True. The seller only needs to separate one fool from his money. But it does take effort. One week after being an AOTW nominee the price changed. Maybe it is related; maybe it isn’t. Either way, there had to be thought given to the price of the now two unsalable figures.

That suggests to me that the seller cares (about what specifically is debatable). I was told the seller got the peg-less figure in a very inexpensive lot. That is further proof of caring (about what is still debatable). Do you know what I don’t look for on eBay? Things I already own.

Maybe the BHS wasn’t a shame reduction. It certainly demonstrates caring about M.U.S.C.L.E. figures. And that made me a little sad. Imagine caring about M.U.S.C.L.E. figures, but outwardly pretending that you didn’t care. And then doing it year after year after year. Geez.

Let’s take about some new assholes. Our AOTW #1 has an opening bid of $50 for 16 mixed M.U.S.C.L.E. figures. That is $2.13 per figure for an uninteresting lot.

The AOTW #2 has an even more ridiculous per-figure price of $6.25 per figure (which is a $24.99 BIN). I know someone might cry, “But those are Class B!”

Who cares? Class B never assigned a premium value. It was a general guide for lunatics, like me. But I won’t totally repeat myself.

The AOTW #3 could easily be selected for its $169.99 BIN. But the use of “Holy Grail” to describe SC really bothered me. Satan Cross might be a Non-Poster figure. Satan Cross might have an inflated history and reputation. But it should never be described as a Holy Grail for two reasons: (1) it isn’t remotely rare; and (2) sellers don’t define Holy Grails.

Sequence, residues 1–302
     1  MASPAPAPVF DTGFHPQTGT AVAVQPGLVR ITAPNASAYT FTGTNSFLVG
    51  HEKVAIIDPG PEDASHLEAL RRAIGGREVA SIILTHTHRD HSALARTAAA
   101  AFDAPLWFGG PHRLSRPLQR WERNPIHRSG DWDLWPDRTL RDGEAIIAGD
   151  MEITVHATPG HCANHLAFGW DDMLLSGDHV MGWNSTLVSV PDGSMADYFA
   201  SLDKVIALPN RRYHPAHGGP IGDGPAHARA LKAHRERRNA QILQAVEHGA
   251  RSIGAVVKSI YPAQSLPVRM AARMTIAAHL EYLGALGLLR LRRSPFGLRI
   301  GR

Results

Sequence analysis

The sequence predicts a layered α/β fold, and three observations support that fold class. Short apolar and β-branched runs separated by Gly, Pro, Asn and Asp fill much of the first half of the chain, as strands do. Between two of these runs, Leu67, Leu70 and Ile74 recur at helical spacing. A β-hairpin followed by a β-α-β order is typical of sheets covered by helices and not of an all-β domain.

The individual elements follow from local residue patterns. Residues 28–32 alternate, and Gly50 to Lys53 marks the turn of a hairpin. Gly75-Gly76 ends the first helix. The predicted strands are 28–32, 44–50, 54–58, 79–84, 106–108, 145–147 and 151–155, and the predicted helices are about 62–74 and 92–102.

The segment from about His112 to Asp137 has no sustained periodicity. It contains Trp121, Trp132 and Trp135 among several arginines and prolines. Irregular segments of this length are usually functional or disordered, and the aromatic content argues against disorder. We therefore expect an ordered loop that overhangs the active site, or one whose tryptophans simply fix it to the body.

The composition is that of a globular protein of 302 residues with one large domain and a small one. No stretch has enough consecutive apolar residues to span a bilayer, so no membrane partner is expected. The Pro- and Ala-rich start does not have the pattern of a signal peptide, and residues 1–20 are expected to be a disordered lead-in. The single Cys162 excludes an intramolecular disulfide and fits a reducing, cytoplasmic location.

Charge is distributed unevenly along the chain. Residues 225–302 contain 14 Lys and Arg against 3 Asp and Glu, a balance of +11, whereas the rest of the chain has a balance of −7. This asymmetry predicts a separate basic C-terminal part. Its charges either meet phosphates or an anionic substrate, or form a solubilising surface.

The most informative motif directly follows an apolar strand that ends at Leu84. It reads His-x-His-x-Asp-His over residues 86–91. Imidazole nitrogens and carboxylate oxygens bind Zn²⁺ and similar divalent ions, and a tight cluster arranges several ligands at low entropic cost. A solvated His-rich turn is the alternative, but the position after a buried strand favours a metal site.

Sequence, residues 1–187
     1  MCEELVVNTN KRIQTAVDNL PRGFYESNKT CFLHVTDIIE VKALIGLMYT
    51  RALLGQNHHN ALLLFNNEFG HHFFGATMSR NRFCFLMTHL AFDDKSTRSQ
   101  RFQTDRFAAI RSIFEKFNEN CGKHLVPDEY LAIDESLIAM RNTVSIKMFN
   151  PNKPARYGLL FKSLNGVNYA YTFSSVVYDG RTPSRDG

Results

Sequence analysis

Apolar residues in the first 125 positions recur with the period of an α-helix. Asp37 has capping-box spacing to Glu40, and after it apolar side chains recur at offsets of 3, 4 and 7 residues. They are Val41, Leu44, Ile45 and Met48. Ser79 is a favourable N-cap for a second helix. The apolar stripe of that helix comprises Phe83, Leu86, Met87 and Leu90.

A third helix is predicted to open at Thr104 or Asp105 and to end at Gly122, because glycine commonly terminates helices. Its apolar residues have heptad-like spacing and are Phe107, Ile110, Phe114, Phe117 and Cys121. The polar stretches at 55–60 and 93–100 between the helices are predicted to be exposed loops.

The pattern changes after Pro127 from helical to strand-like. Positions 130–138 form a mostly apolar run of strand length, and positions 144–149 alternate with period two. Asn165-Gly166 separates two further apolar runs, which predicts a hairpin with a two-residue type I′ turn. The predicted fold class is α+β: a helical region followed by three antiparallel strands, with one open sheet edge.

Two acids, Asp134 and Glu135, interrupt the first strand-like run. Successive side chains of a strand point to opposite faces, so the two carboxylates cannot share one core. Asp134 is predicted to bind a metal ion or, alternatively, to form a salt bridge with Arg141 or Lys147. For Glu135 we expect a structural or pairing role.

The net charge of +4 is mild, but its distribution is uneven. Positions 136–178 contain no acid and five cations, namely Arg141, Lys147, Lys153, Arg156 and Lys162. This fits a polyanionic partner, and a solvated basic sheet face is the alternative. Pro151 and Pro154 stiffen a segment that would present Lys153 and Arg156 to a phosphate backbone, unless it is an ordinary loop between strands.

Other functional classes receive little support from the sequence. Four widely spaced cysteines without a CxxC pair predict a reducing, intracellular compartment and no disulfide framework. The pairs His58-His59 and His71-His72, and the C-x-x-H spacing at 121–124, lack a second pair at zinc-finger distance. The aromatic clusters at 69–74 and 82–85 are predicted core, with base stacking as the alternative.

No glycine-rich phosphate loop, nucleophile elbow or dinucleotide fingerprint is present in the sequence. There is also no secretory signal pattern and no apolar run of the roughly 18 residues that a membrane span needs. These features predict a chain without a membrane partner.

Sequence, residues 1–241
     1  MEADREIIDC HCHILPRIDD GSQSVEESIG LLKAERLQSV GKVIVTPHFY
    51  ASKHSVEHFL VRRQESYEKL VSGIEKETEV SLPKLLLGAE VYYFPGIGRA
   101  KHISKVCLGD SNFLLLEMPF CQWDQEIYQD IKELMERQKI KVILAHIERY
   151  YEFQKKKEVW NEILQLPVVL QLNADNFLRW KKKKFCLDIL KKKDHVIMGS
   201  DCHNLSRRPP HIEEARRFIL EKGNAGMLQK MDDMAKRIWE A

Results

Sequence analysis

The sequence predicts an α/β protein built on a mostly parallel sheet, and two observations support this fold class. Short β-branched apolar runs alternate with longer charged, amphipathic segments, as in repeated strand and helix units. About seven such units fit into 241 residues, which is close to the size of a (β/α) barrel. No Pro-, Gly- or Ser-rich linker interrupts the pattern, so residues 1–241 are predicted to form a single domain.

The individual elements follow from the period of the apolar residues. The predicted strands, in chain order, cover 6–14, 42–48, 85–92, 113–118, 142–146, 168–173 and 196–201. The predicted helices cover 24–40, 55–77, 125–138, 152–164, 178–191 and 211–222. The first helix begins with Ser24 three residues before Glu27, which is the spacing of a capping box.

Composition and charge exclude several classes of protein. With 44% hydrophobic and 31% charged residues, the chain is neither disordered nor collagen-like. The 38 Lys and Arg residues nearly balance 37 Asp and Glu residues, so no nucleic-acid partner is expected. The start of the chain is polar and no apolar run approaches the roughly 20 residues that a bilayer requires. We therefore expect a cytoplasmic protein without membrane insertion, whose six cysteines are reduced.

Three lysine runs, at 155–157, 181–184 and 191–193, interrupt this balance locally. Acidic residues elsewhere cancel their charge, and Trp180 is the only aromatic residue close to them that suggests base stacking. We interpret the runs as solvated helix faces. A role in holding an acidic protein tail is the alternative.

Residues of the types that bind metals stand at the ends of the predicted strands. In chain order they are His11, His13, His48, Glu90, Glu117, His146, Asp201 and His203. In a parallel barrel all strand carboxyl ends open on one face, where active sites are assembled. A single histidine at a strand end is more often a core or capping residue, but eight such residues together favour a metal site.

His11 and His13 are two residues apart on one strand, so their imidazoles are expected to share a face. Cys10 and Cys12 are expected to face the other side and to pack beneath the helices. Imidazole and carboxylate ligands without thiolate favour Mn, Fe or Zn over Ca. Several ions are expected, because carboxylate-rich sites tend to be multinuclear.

A Holy Grail should be moderately difficult to track-down. It should take a micron of effort and time. You can’t convince me this is true for Satan Cross. More importantly, you can’t tell me what is my Holy Grail.

Finally, the AOTW #4 is a unbelievably filthy #15 Flesh figure. In good condition this figure is worth around $1. This asshole has assigned a $12.99 BIN for this filthy figure. Jesus.

Cast your vote and crown the next AOTW Fatal-Four Way winner. Here are the four combatants:

vs.

Remember to cast your vote and crown this week’s AOTW Fatal-Four Way winner:

Who is the Winner of the 6/28 Fatal-Four Way?

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Sadly, our ULTIMATE AOTW Battle of the Champions Fatal-Four Way Winner #1 is no longer trying to sell her empty box.

We watched as she started at $250. Unable to sell it, dropped down to $160. The drops continued: $149, $145, $139, $135, $125 and finally $120…for a beat-up, empty box.

The last know image of the listing looked like the picture to the right.

There is zero-percent chance this actually sold. It is an empty box. M.U.S.C.L.E. collectors see crazy things, but this is simply impossible. Plus, there is no feedback posted by either party. I think she may have temporarily quit trying to sell it.

This is the level-of-asshole it takes to be an ULTIMATE champion.

Joining our inaugural champion is a very worthy companion.

The initial listing for the $3 figure was for $1500. The entire story was covered in AW #284. Apparently, there’s still a little more to add. The figure is STILL for sale with a $100 BIN.

This seller probably could be a repeat winner with their other listings.

An original SHA, with the head spur still attached, in the original Flesh color was sold for about $185. This seller is attempting to sell a yellow, headless version for $1,000. That is the level of commitment needed to become the 2nd ULTIMATE AOTW Battle of the Champions Winner.